Negotiated cash fed cattle trade was at a standstill through Monday afternoon, according to the Agricultural Marketing Service. Last week, live prices were at $111/cwt. in the Southern Plains, $110-$111 in Nebraska and $109-$110 in the western Corn Belt. Dressed trade was at $172-$174.
More narrowly, last week’s five-area direct average steer price was $110.27/cwt. on a live basis, which was 70¢ higher than the previous week, according to USDA data. The average steer price in the beef was $1.67 higher at $173.37.
Cattle futures closed mixed on Monday, amid month-end position squaring and some support from weaker grain futures.
Live Cattle futures closed an average of 31¢ lower except for an average of 7¢ higher in the back two contracts.
Feeder Cattle futures closed an average of 75¢ higher, from 55¢ higher at the back to $1.22 higher in spot Jan.
Choice boxed beef cutout value was 83¢ higher Monday afternoon at $243.68/cwt. Select was $1.75 higher at $222.43.
Corn futures closed mostly 5¢ to 7¢ lower.
Soybean futures closed 14¢ to 23¢ lower.
Major U.S. financial indices closed lower Monday, likely with some month-end positioning and profit taking.
The Dow Jones Industrial Average closed 271 points lower. The S&P 500 closed 16 points lower. The NASDAQ was down 7 points.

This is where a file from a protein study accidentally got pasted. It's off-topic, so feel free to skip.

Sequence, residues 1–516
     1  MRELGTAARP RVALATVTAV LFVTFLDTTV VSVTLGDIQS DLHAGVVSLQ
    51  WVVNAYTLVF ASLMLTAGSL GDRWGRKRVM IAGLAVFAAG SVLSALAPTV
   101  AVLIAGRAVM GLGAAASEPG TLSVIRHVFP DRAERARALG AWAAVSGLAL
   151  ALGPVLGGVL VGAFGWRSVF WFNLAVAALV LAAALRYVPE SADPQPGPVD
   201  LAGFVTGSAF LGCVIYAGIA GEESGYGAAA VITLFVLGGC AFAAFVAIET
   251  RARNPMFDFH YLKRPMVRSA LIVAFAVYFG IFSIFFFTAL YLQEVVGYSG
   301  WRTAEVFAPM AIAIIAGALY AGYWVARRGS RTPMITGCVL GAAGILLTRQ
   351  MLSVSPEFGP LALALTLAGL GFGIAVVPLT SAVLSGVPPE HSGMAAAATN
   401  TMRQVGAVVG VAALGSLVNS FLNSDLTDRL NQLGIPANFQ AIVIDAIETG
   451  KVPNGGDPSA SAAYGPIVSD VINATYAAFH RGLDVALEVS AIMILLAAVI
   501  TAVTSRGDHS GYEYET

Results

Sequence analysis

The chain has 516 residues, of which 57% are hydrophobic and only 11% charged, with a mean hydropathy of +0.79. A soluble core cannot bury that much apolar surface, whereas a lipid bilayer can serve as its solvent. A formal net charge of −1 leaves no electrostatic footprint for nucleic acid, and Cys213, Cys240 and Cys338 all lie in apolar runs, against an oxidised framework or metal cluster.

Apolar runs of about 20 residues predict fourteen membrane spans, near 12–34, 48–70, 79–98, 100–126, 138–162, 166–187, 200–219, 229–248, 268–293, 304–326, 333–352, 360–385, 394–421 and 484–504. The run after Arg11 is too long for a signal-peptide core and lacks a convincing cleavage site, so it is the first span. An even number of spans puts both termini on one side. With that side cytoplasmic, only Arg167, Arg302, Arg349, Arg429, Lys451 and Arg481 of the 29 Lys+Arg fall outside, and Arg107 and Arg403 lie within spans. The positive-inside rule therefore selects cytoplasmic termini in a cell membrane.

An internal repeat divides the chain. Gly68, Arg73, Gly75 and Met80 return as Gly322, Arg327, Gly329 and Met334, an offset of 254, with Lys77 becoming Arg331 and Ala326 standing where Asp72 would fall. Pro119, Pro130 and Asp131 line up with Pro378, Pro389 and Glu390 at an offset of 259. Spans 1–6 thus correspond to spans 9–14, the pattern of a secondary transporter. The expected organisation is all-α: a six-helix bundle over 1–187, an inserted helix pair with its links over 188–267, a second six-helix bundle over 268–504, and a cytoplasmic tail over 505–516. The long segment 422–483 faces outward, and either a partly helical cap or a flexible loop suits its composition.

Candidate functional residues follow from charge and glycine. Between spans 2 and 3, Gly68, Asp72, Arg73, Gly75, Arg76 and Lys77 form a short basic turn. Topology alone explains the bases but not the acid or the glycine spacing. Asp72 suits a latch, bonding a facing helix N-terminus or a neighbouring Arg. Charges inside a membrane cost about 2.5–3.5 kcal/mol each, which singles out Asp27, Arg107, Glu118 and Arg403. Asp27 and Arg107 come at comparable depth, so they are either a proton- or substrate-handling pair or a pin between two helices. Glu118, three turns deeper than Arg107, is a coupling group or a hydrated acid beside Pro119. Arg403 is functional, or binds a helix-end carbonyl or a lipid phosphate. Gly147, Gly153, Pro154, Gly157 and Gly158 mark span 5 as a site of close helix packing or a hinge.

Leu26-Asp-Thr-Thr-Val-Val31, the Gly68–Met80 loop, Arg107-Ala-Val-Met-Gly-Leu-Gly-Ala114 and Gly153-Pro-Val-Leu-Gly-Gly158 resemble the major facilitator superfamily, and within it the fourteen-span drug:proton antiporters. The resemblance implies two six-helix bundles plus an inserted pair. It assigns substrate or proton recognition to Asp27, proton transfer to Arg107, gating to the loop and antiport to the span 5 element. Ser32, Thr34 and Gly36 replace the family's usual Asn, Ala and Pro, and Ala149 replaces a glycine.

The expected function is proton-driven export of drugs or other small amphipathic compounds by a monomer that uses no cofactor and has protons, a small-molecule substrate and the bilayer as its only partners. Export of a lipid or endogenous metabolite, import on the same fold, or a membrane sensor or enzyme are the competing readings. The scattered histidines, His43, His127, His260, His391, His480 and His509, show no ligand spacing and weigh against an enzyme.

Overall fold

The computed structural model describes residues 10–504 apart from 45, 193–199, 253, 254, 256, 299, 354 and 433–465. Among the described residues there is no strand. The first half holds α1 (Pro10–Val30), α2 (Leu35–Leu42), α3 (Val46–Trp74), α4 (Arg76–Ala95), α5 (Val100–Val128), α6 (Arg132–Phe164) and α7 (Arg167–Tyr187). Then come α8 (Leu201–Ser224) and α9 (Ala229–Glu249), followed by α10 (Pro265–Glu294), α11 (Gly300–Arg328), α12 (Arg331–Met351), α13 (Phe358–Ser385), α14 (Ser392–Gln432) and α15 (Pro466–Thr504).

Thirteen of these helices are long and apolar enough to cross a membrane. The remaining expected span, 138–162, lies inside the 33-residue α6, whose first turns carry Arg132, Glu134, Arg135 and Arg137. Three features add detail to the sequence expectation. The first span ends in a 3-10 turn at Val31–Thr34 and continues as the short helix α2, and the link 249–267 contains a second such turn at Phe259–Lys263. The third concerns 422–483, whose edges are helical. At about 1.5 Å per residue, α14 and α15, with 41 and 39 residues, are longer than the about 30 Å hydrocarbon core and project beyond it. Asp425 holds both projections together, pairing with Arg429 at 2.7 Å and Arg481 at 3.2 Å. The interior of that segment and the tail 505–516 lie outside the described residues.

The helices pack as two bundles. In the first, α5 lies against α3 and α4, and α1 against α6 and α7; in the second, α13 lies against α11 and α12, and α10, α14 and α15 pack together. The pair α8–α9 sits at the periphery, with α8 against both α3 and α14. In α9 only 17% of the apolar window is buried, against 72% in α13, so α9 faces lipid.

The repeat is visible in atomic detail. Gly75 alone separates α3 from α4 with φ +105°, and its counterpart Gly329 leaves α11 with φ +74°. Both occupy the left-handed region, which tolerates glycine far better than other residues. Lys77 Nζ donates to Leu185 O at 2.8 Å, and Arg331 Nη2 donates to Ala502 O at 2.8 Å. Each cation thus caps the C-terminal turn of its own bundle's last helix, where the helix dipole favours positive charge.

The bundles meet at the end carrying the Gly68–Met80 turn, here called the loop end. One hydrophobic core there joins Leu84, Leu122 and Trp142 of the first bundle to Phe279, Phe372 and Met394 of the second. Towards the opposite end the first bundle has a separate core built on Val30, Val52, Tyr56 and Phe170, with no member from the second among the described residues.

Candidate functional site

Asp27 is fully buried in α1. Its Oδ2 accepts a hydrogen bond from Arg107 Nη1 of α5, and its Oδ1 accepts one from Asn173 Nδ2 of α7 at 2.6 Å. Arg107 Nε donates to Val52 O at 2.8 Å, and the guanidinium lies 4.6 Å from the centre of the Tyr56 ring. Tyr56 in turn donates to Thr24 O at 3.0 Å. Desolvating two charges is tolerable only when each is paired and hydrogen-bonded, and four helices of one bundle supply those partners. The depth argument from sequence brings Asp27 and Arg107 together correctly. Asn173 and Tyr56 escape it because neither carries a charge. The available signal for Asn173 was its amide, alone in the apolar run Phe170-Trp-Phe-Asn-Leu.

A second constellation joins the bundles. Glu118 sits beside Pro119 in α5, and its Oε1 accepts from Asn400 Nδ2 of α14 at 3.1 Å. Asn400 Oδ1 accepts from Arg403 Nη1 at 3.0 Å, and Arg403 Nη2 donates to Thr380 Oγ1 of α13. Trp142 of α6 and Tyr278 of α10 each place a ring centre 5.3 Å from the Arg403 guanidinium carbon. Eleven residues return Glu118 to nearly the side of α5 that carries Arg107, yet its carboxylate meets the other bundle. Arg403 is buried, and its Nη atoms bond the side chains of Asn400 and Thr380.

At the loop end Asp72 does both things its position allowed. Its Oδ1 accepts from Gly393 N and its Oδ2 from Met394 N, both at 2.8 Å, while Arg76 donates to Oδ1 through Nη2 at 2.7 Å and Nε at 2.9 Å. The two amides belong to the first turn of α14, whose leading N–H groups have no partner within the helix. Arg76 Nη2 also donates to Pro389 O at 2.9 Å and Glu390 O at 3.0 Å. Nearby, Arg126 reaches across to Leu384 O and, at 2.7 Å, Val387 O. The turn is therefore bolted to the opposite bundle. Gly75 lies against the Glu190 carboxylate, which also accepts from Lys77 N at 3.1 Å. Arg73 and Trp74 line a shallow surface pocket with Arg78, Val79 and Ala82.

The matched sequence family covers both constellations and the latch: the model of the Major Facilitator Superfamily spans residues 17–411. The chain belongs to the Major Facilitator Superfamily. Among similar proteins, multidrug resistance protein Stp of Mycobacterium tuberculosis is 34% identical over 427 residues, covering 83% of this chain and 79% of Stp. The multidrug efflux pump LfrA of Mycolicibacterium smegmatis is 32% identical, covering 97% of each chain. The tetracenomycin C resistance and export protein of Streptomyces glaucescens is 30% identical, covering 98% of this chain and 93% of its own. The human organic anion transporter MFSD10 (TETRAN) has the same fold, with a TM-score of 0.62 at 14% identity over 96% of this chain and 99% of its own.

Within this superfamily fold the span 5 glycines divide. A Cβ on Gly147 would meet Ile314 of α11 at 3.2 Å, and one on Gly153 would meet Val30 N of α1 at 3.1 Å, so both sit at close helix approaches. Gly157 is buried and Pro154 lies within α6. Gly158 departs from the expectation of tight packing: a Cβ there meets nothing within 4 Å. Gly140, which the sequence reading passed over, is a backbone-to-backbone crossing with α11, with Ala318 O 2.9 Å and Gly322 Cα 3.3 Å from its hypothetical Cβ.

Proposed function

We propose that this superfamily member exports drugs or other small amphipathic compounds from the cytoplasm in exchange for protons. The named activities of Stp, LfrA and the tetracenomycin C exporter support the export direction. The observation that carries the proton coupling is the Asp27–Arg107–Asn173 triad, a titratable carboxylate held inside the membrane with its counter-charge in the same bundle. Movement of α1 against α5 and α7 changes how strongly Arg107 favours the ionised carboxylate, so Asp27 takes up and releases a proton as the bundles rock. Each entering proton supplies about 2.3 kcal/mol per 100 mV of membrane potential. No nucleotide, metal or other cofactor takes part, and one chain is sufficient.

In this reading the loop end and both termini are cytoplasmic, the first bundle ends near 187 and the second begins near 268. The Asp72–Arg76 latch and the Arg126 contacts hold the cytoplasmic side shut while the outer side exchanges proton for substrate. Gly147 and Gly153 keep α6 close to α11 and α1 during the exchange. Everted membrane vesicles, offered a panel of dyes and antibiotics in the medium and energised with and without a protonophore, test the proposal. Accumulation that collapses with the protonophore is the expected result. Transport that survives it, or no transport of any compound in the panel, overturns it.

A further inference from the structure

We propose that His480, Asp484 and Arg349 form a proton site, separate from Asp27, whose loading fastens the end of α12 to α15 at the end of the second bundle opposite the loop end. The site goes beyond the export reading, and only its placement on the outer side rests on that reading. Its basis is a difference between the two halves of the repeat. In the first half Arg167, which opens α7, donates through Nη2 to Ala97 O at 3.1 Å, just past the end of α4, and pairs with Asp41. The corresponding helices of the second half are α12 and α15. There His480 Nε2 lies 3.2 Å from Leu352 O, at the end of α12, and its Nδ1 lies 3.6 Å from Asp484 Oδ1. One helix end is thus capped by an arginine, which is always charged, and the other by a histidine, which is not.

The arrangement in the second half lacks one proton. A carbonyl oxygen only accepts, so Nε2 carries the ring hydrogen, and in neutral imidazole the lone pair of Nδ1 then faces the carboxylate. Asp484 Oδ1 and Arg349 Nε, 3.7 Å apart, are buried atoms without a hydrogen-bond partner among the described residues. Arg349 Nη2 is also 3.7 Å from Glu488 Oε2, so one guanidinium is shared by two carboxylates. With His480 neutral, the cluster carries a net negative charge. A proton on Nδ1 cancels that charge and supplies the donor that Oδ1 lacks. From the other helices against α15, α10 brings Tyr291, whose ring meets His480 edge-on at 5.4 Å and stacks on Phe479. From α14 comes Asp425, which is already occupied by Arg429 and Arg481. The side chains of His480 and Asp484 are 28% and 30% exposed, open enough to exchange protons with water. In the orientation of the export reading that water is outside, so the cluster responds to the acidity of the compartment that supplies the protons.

“Exactly what to expect in fed cattle markets in the coming months depends on numerous factors including: the demographics of the feedlot population (both size and gender), feed costs, the time of the year, weather conditions and regional impacts,” says Derrell Peel, Extension livestock marketing specialist at Oklahoma State University, in his weekly market comments.
Starting with gender of feedlot placements, Peel points out the latest quarterly inventory report indicated steers represented 62.4% of the feedlot inventory and heifers comprised 37.6%. At the same time a year earlier, the inventory was 60.8% steers and 39.2% heifers.
As for weights, Peel says 22% of the cattle placed on feed over the last six months weighed less than 600 lbs., 18% weighed 600-700 lbs., 22% weighed 700-800 lbs., 23% were 800-900 lbs. and 15% weighed more than 900 lbs.
“Feedlot placement weight is related to finished weight of fed cattle. However, the relationship is not one to one,” Peel explains. “For both steers and heifers in the typical range of placement weights, a 1 lb. increase in placement weight results in 0.5 lb. of additional finished weight.”
Based on data from Kansas State University’s Focus on Feedlots, Peel says average daily gain (ADG) each month so far this year is higher year over year for steers and heifers. Steer ADG averaged 3.53 lbs. the last six months; 3.11 lbs. for heifers. Feed efficiency improved year over year, too.
“Feedlots will manage and balance these and many other factors as they deal with coming winter weather, rising feed costs, the mix of steers and heifers and the availability of feeder cattle of various sizes,” Peel says.